At the end of October 2019, the International Budget Partnership (IBP) held a joint forum with the Nigerian Budget Office of the Federation (BOF) to discuss “fiscal realism,” which is how many Nigerians refer to what we at IBP call budget credibility. The meeting was attended by members of the executive, the National Assembly, Nigerian civil society, the organized private sector, and international agencies, including the World Bank and the IMF.
From the start, the conversation was very candid. BOF set the tone by acknowledging the scale and nature of the fiscal realism challenge and exploring in depth many of the difficulties that they face in producing a credible budget. The rest of the meeting allowed people to test, challenge and deepen these ideas.
Another encouraging aspect of the meeting was the high degree of willingness from across government, including members of the National Assembly, to work with citizens and civil society to address public finance challenges. Few IBP national-level meetings simultaneously achieve such a broad level of participation, frank discussion, and openness to collaboration that we experienced in this event.
What did we learn?
Budgets: realistic vs strategic – First, an important part of the discussion was around how we understand a budget. While IBP’s emphasis on the budget as a kind of promise is consistent with a demand for credibility or realism, there is also an important alternative view of the budget as more of a strategic tool designed to impact behavior. In this alternative view, aggressive revenue targets become part of a strategy to push agencies to collect and remit more revenue; with less aggressive targets, there would be less revenue (and, also less spending).
The notion that the budget may be used strategically raises several important questions. First, does it work? Some in Nigeria believe that the budget can effectively motivate greater revenue (and spending) effort, while others are less certain. Theoretically, one could research which view is best aligned with reality, but it is difficult to directly measure the impact of strategic budgeting. In our view, there may be other factors that are more important in determining fiscal effort, and we doubt that strategic use of targets (what some characterize as a budget “based on hope”) is an adequate strategy on its own.
While we may not like it, the budget may be used strategically in other ways as well, and we need to think carefully about the conditions under which this way of budgeting is second-best. For example, it is clear to us that legislators use budget amendments to signal that they are responsive to constituents by inserting “constituency projects” that may never be implemented. From the legislator’s perspective, there is a political benefit to getting a project in the budget. If it is not implemented, the executive can be blamed. Such behavior is annoying, but if that is what citizens expect from legislators, it is not something that can be addressed overnight. If legislators were to refrain from such amendments, leading to even lower confidence in the National Assembly and further apathy, is that a better outcome? Educating citizens and legislators about the budget and the proper role of institutions is surely the first best alternative, but it is not available in the short term.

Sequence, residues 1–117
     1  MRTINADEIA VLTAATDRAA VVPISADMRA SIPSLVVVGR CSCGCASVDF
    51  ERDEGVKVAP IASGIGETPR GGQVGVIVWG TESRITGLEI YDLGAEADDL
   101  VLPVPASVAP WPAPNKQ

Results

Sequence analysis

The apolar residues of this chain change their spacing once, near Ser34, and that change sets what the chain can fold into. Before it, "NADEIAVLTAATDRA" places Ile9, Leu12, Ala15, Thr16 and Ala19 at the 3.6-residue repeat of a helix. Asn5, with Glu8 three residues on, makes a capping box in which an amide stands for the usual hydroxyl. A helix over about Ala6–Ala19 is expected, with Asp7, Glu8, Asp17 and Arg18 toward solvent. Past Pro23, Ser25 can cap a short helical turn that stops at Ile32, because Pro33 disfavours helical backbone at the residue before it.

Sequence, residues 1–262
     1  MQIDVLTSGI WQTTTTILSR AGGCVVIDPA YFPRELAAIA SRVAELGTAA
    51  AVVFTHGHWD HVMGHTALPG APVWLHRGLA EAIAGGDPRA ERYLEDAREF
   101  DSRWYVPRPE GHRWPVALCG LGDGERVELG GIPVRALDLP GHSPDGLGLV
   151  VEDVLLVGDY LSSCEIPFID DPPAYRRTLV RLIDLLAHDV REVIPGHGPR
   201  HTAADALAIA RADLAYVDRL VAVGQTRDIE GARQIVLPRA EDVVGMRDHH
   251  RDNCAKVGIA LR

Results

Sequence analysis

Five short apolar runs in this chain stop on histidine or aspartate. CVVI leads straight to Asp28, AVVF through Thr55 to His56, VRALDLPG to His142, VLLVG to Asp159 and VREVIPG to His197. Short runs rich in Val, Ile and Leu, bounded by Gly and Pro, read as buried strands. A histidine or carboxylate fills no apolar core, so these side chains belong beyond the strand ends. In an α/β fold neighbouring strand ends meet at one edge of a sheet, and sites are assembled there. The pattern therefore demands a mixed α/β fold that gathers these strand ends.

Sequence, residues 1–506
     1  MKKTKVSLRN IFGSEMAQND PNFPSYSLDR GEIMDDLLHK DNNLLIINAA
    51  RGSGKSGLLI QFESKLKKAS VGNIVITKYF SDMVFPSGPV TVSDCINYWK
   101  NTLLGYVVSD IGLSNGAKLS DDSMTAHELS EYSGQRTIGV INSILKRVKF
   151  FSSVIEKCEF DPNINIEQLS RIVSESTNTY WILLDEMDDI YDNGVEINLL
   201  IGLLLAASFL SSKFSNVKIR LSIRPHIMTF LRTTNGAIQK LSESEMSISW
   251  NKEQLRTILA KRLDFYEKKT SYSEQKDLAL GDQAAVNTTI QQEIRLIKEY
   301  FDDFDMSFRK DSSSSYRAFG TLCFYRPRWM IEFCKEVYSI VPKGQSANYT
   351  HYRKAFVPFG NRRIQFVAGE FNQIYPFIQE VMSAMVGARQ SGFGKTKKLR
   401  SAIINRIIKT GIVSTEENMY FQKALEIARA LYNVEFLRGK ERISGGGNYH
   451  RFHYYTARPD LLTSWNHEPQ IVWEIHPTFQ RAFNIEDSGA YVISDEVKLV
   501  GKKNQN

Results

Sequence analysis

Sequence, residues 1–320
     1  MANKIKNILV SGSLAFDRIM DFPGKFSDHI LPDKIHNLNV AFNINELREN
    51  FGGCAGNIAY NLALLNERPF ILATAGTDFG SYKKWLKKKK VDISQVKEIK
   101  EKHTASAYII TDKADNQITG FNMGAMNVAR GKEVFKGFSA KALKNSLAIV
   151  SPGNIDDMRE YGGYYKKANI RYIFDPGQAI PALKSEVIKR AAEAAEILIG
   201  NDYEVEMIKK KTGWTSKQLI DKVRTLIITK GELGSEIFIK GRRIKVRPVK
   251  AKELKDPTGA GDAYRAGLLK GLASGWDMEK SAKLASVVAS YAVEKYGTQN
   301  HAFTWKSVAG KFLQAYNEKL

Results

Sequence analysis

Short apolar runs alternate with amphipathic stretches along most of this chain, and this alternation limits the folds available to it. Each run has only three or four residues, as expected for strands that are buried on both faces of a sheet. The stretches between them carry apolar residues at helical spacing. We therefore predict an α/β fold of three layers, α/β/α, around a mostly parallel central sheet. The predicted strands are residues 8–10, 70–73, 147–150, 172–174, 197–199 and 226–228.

In any case, we should recognize that both realism and strategic budgets are important ideas. While moving toward a more realistic budget is a worthy goal, we need to be aware of the reasons why budgets may be used strategically as well.
Managing government-owned enterprises – A second important area of discussion was around the role and management of government-owned enterprises (GOEs) in Nigeria. Nigeria is incredibly lenient with these institutions, which can generate their own revenue, execute expenditure, and remit the balance (if any) to the treasury with very little oversight. Most of these agencies do not use the central electronic financial management system (GIFMIS) and very little is known about their true cost structure. Because it believes that these agencies are generating more than they report, the government uses the budget strategically to push them to remit more. Around the room there was a clear consensus that the rules on the management of GOE budgets need to change but also an awareness that reforming these agencies will be difficult as they represent powerful interests.
Delayed budget approval and other factors – Perennial lateness in approval and signing-into-law of the annual budget was widely recognized as a contributory factor to poor fiscal realism in the country. On paper, Nigeria runs a January – December budget calendar (financial year), but in reality the budget is normally approved between May and June of the year in which the budget is to be executed. This means that ministries, departments and agencies (MDAs) of government have a much shorter time to execute the budget.
Apparently, the human development sectors (including health and education) are significantly affected by the shortfall in budgetary spending caused by the combination of late budget approval and weak procurement practices. This challenge is further exacerbated by weak institutional capacity for proactive procurement planning, and political/systemic impediments, that inhibit the procurement process. For example, it appears that there are incentives for “deliberately” delaying the procurement process until the last quarter of the financial year. The time constraint is then used as an excuse to rush through the procurement process, “justifying” the relaxing of some internal controls and other checks and balances that had been established to ensure prudent use of scarce public resources. This may explain the “fund releases” that seem to spike in the last few months of the year – according to budget implementation reports produced by BOF.